Australian banks are facing the prospect of yet another class action, this time over the sale of credit card insurance which a prominent law firm claimed as being “seemingly worthless”.
Law firm Slater and Gordon announced it is investigating the value of launching the class action, given that card holders have paid “tens of millions of dollars” for insurance that, in practice, provided “little or no coverage”.
“Consumer credit insurance in Australia is riddled with consumer protection issues and is notorious for being unsuitable and consistently poor value,” the firm’s class actions senior associate Andrew Paull said.
“We have found substantial evidence to suggest that a large number of Australian credit card holders are paying hundreds, if not thousands, of dollars a year for essentially worthless insurance.
“Many policyholders are ineligible to claim some or all of the available benefits and others are either completely unaware they have the insurance or incorrectly believe it is a requirement for obtaining a credit card.”
Mr Paull added: “The banks should know when this insurance is likely to be of no or limited value to their customers, however the evidence suggests that they have continued to push these products widely and have collected millions in premiums while doing so.”
There are a range of bank customers who may be eligible to join the action having received dodgy coverage, according to Mr Paull, including those who are self-employed.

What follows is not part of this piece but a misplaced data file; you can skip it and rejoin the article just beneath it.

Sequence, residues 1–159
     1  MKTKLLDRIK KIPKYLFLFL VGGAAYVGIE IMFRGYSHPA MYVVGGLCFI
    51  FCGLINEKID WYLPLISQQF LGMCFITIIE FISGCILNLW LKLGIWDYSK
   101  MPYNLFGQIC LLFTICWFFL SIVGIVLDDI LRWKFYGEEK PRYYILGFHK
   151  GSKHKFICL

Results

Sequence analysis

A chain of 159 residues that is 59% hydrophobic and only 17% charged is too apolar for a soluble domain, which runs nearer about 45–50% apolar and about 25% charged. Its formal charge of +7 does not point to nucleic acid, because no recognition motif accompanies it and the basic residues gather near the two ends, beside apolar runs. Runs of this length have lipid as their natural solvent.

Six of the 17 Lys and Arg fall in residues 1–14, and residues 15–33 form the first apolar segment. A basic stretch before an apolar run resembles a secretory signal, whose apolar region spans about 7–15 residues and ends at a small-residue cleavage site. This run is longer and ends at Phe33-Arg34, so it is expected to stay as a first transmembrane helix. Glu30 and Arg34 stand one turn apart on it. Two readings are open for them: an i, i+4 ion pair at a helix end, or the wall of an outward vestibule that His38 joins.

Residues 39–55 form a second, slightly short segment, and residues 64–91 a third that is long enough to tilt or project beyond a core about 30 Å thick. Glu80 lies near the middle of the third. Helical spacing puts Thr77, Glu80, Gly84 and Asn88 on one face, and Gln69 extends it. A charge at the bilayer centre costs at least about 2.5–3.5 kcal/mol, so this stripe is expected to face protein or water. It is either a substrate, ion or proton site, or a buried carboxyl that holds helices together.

He quoted figures from the Australian Prudential Regulation Authority (APRA) as evidence, noting that between 2011 and 2016, consumer credit insurance claims were rejected five times more often than general insurance claims.
In 2017, APRA figures showed only 25 per cent of credit insurance claims received a payout – well below the “average payout ratio of 74 per cent for other types of insurance”, Mr Paull said.
“Casual, contract or self-employed workers are also usually subject to exclusions from income protection coverage, but often unaware they are ineligible when they agree to purchase the insurance,” he said.
“The courts have previously found that the sale of consumer credit insurance to those who are unlikely to be able to claim may constitute unconscionable conduct.
“If a breach of the ASIC Act was proven, affected classes of people would be able to recover compensation from their insurance providers.”
Mis-sold insurance has previously elicited responses from regulators. In January, insurance giants Allianz and Suncorp were ordered to refund $62 million for add-on insurance sold through car dealerships.
QBE Insurance faced similar action in mid-2017, when it was forced to refund almost $16 million in mis-sold insurance.
Adam Zuchetti is the editor of My Business, and has steered the publication’s editorial direction since early 2016.
- Australian manufacturers can create their own stimulus
- Here’s what separates success from the rest
By Adam Zuchetti
- 5 workplace trends to watch in 2020
By Nicole Gorton